FOR THE DAILY SOUTHERNER
TARBORO — In 1981, former students of the Tarboro Colored High School, the W. A. Pattillo High School, and the Princeville Elementary School gathered for their first reunion and in 1983, the alumni association obtained its state charter and was incorporated as the W. A. Pattillo Alumni Association. Since the inception of the alumni association approximately $100,000 in scholarship funds have been awarded to area high school seniors to attend four-year colleges and universities throughout the United States of America.
At its annual meeting on July 30, 2011, new officers were elected with Dr. Fred S. Wood, Jr. selected as the new president. This article introduces Dr. Wood to the Tarboro community.
Although Dr. Wood is a native of Tarboro, he has been a resident of Greensboro, NC, since 1970. He is married to the former Janette Jackson of Greensboro and they have two daughters, Anita and Stacia. They also have a twelve year old grandson, Zenret.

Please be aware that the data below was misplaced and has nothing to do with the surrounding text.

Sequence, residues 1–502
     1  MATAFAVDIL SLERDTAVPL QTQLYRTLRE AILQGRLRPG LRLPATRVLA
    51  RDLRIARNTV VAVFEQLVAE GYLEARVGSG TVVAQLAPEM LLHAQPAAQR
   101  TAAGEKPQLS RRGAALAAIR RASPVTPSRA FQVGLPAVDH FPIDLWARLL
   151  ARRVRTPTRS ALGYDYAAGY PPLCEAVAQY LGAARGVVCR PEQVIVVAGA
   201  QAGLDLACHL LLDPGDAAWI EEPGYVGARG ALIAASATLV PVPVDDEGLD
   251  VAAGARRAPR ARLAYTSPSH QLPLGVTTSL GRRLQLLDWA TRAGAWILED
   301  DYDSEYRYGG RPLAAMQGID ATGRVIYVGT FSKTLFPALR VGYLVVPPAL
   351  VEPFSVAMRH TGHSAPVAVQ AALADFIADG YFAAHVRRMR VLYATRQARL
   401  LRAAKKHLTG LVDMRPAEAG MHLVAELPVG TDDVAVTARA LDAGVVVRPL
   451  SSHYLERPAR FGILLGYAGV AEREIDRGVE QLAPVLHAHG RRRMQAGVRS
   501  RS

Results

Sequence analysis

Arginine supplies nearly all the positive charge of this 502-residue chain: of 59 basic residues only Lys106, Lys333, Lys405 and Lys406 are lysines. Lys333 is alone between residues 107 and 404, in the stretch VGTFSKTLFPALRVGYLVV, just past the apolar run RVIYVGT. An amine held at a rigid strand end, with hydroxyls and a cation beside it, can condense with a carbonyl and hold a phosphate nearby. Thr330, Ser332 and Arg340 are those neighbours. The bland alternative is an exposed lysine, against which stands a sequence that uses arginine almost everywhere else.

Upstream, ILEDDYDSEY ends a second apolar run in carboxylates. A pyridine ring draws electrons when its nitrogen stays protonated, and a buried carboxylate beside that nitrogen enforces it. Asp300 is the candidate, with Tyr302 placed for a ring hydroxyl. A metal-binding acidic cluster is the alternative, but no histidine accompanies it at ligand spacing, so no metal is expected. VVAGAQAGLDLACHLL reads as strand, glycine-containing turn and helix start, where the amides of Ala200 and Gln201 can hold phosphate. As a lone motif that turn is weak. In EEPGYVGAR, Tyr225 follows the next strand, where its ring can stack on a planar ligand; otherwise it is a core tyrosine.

Dr. Wood received a Bachelor of Science degree and two Master of Science degrees from North Carolina Agricultural and Technical State University in Greensboro. He went on to earn a Doctor of Education degree in Curriculum and Teaching from the University of North Carolina at Greensboro.
From 1967 to his retirement in 2002 he served as an active duty and reserve Army Officer, a teacher and administrator in the Guilford County Schools, and as an Assistant Professor in the Department of Curriculum and Instruction, School of Education, North Carolina Agricultural and Technical State University, where he also served as the Assistant Dean for the School of Education.
Dr. Wood is a member of Kappa Delta Pi, an International Honor Society in Education, and served as a reviewer for the Kappa Delta Pi Record.He is a member of Phi Beta Sigma Fraternity, served as a past president of his Rotherwood Community Organization, is a past member of the Executive Board of the General Greene Council of the Boy Scouts of America, and presently serves as Vice Chairman of the Board of Trustees of Providence Baptist Church in Greensboro.